Clark notes on Great Strides’ “Audrey’s Angels” page that she is fighting for her life against CF, which affects 70,000 people worldwide, including 30,000 Americans. CF is an inherited disorder that damages the lungs and digestive system.

“Cystic fibrosis has caused me to need two double lung transplants, the first of which when I was 12. I am 21 now. I have rejected them both and need to wear oxygen to breathe. Only due to the money raised toward research could this have happened and given me this much extra life. Please donate so others don’t need to endure the hardships that I have,” she says.

Clark adds that she plans to walk the route. You can raise funds as a walker or “virtual walker” by visiting Great Strides.

Clark’s mother, Sandra Gaffey, is the bookkeeper at Mohawk. Each year, she says, more than 125,000 people participate in hundreds of walks across the country to raise funds for cystic fibrosis research and drug development.


For more information, call Sandra Gaffey  at 413-625-0227 or call the CF Foundation at 800-966-0444.

Arms Library time capsule flung toward future

ARMS LIBRARY DIRECTOR Laurie Wheeler shows off the goodies bound for the future — possibly as far as 100 years — in a community time capsule, which was promptly stowed within the library’s shiny new copper dome. Roof renovations, years in the making and achieved in 2015, were powered by volunteers.
ARMS LIBRARY DIRECTOR Laurie Wheeler shows off the goodies bound for the future — possibly as far as 100 years — in a community time capsule, which was promptly stowed within the library’s shiny new copper dome. Roof renovations, years in the making and achieved in 2015, were powered by volunteers.

SHELBURNE—Hannah-mugFriends and supporters of Arms Library put together a special box of memories called a time capsule and sent it to the future. It might be opened in 50, 75, or 100 years, making it to 2115.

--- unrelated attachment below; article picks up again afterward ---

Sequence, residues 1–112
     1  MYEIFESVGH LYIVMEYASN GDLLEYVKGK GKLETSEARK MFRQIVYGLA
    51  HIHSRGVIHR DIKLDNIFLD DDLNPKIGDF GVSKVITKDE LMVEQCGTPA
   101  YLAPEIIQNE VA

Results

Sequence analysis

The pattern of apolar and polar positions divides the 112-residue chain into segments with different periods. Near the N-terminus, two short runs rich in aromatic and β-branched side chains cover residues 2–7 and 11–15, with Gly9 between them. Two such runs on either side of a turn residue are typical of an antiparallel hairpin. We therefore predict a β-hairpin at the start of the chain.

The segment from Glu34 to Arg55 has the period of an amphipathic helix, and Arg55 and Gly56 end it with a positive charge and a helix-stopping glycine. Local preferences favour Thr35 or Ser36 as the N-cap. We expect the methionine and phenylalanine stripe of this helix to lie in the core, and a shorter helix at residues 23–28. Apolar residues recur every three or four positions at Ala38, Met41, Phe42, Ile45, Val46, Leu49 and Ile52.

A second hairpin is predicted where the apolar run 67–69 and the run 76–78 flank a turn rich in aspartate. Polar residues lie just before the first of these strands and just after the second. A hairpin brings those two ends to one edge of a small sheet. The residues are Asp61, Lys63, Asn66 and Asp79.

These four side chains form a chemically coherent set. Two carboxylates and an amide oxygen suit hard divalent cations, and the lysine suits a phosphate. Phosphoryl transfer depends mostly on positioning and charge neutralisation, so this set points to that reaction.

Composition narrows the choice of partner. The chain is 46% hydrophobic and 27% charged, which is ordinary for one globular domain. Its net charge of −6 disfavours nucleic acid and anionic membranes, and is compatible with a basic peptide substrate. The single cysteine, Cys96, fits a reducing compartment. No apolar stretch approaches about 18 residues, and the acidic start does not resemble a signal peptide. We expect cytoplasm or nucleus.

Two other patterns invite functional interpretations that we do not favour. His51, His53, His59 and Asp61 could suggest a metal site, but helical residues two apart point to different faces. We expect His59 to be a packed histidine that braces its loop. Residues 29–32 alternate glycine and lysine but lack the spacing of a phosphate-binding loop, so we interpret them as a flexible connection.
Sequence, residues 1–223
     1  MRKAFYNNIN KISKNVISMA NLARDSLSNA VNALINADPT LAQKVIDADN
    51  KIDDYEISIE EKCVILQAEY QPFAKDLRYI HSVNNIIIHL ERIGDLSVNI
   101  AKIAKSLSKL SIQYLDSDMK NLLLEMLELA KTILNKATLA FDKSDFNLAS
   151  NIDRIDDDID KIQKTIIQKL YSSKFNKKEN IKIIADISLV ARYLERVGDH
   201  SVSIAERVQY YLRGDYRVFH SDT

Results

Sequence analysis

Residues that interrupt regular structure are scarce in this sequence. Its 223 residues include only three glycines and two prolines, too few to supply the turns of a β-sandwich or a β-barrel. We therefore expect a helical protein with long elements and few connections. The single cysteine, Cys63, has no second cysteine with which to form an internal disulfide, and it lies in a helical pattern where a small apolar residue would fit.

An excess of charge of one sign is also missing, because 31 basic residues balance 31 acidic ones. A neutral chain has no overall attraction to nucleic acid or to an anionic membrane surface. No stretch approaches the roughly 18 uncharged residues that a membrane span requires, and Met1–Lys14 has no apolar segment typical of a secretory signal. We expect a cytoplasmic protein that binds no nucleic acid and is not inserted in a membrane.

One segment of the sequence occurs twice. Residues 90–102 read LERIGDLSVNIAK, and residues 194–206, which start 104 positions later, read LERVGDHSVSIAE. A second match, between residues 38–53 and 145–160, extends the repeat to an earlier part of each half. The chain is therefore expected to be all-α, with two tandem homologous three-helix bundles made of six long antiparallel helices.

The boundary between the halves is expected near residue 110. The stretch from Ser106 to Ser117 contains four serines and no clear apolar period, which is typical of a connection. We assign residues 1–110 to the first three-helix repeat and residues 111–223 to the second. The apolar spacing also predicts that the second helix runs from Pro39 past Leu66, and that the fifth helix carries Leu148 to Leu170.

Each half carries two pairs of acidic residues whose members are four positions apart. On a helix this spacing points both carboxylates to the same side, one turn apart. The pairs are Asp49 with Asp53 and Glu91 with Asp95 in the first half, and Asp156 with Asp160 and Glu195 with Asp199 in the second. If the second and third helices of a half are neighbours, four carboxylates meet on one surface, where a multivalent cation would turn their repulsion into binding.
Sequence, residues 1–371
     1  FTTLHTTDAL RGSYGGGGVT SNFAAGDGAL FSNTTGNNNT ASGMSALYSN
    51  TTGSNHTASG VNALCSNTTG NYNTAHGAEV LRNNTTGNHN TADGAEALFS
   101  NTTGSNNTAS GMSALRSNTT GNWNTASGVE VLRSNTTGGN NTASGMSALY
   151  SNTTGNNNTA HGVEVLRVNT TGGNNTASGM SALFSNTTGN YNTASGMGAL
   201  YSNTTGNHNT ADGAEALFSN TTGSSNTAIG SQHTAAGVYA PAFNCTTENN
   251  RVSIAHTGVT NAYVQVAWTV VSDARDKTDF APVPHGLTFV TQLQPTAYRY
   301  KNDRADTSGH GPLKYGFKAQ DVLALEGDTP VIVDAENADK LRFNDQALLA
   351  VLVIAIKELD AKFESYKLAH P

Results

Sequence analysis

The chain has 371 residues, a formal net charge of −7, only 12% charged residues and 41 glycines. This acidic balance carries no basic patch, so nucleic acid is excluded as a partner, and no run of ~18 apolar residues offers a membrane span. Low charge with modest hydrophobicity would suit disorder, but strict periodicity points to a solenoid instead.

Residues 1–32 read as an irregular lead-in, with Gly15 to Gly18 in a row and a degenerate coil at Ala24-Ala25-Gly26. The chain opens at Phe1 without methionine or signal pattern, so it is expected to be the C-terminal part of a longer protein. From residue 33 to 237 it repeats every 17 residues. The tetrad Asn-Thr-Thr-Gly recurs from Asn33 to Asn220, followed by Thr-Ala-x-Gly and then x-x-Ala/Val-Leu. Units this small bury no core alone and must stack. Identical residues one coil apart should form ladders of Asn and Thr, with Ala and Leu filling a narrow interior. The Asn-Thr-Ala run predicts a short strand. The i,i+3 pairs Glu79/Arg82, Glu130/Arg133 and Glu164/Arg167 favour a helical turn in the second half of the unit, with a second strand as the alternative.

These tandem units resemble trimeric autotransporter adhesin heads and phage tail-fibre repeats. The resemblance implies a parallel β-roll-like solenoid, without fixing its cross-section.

According to Laurie Wheeler, the executive director of Arms Library and a member of its building committee, the box contains things that will help future generations figure out what today’s generation was all about. It was sealed up in the new roof of the library on Sept. 17 around 7:30 a.m. It will be seen next when the roof is opened up for repairs it might need many decades from now.

“A time capsule is a box or metal tube — a container you specially decide you’re going to put away for the future, and then they’ll see the items we put in there. It’s items that are important to this time right now,” Wheeler explained.

The roof replacement is part of a $670,000 “Put a Roof On It” project that took volunteers three years to complete. The roof that was replaced was built in 1914 with the rest of the library building. It is made of copper, slates, and very heavy, chalky limestone. You can touch pieces of it in the library. Pieces of the old roof copper will be turned into gifts you can buy.

Contents of the packed time capsule include children’s handprints in paint; books, newspapers, magazines, and artwork; letters; and a library card.

Fifth-grader Hanna Chase reports downtown news and features for The BSE Flow. We welcome your news tips at news@bseflow.com.


Plenty to love
in Arms Library’s time capsule

WITHIN A SNUG WOODEN BOX made by local resident Frederick M. Burrington, a trove of goodies gathered this summer waits to be discovered in what Arms Library Executive Director Laurie Wheeler calls “the tippy top” of the library’s rebuilt dome some 50, 75, or even 100 years hence. Those Shelburne Falls denizens of tomorrow will be surprised when they open the box to find:

  • A piece of MUSIC for Native American flute that Sarah Pirtle wrote just for the roof raising;
  • BOOKS: “Quickening,” Susie Patlove’s book of poetry; “In a Wild Place: A natural history of High Ledges” by Ellsworth Barnard, illustrated by Charles H. Joslin; “A Jewel in New England” by Philip Bilitz; and a copy of “The Little Yellow Trolley” from the Shelburne Falls Trolley Museum, signed by many of the museum’s guests;